30 years to pay off the EU’s rescue package. Nobody is talking about whether tax increases or a wealth tax will be asked to do the job.
Jürgen Röser: As a business location, Germany will have a hard time if we do not create better business conditions right now in order to remain competitive internationally.
What do you think would be necessary to create a capacity to act and security for the future?
Sarna Röser: We need a restart. To manage the crisis, we need a mix of growth, employment incentives and priority setting for government spending. This will be the only way to create the fi- nancial freedom that we need to invest in education, digitalisation and infrastructure in the future. Confidence in the future is vital for every economic recovery – and entrepreneurs will have it only if we do not have to worry about pending tax increases. We also need a much leaner digital government, like digital public adminis- trative operations. Germany is a developing country in terms of digitalisation.
Jürgen Röser, looking back on the past 35 years when you started in the company, what would you say is different today?
Jürgen Röser: The unbelievable speed of change! We are in the middle of a digital transformation right now. We constantly have to ask ourselves what this will mean for our industry. Will we have to rethink our business model? Will more things be automated? Will more things be digitalised? How digital can our products be? Back then, we did not face such questions or have to deal with such fast-paced change.
What does the role of entrepreneur mean to you, Sarna Röser?
Sarna Röser: I think entrepreneurship is a mind-set, a passion for something. The key is your burning desire to do what you are do- ing. To me, entrepreneurship means that I can turn my dreams and visions into a reality. I can determine the structure of my company, its direction and the way to get there by myself.
Do we need more entrepreneurs?
Sarna Röser: Definitely. The number of new companies being es- tablished in Germany is alarmingly low. I also know why that is: We train managers and not entrepreneurs. It all starts in secondary schools. The concept of entrepreneurship is not a topic there. Young people do not get the grounding they need to become entre- preneurs. The conditions for starting a business are also too com- plex. On average, you have to make nine trips to government au- thorities in order to establish a company. Why can’t such processes be done digitally? One mouse click, and I am on my way!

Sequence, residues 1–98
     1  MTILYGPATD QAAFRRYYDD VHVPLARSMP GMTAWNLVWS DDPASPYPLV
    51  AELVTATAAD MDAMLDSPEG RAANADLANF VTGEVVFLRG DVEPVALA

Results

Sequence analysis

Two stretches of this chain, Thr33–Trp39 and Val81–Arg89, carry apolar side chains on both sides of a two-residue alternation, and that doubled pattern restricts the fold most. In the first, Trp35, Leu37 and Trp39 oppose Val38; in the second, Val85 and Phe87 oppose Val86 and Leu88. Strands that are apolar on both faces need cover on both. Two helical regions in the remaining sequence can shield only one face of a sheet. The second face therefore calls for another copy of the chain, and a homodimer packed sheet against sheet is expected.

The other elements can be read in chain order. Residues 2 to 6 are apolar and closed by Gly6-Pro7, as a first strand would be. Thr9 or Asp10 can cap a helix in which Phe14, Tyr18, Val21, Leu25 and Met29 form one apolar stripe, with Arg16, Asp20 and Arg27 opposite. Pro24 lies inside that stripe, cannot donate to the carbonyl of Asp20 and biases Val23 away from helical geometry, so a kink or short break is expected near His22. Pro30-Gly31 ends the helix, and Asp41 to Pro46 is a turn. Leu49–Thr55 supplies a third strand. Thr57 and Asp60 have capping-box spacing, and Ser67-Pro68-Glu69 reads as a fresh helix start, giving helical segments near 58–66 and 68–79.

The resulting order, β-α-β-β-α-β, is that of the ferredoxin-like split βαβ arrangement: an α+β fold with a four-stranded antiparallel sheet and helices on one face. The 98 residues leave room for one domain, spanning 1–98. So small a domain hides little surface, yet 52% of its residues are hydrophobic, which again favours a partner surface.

Jürgen Röser: There is one other complicating factor involved as well: Failure is not socially acceptable. Sometimes, you will not succeed until your third or fourth try. Such failures should no longer be seen in a negative light.
Sarna Röser: What’s more: In television thrillers, entrepreneurs frequently are portrayed as the bad guys. But the positive exam- ples, those people who hold our business location together and move it forward, are rarely shown. This has to change. We have
to show people that entrepreneurship is something fantastic and that it pays to be bold.
Who should teach these lessons?
Sarna Röser: Teachers must receive continuing education in eco- nomics and technology. Knowledge is Germany’s form of natural resource. If you do not provide education, what is left? We have to invest in education in order to keep up with other countries.
Does the coronavirus represent a turning point?
Sarna Röser: No one wishes for a pandemic! It is such an earth- shaking event. It will change many things. It is the first major cri- sis that my generation has faced. We have to learn from it and re- alise that something like it can happen again. We have to be more attentive and far-sighted.
Jürgen Röser: Many entrepreneurs are being plagued by another problem as well: It is impossible for them to set up a well-organ- ised video conference and be able to open an e-mail at the same time. The poor quality of the digital infrastructure is something that all of us have experienced first-hand. It is the same with cli- mate change. After two or three extremely hot summers and water shortages, it may finally start to dawn on people that something has to change.
Sarna Röser: Basically, we in Germany have to become more open to technology and faster because no one knows for sure just what the future holds. No medical expert envisioned this pandemic. No one foresaw a crisis of this magnitude coming. It caught us com- pletely off guard. We cannot let it happen again.
Jürgen Röser joins his daughter Sarna in their company’s production hall. The company produces concrete pipes and shaft systems for such customers as municipalities and motorway man- agement authorities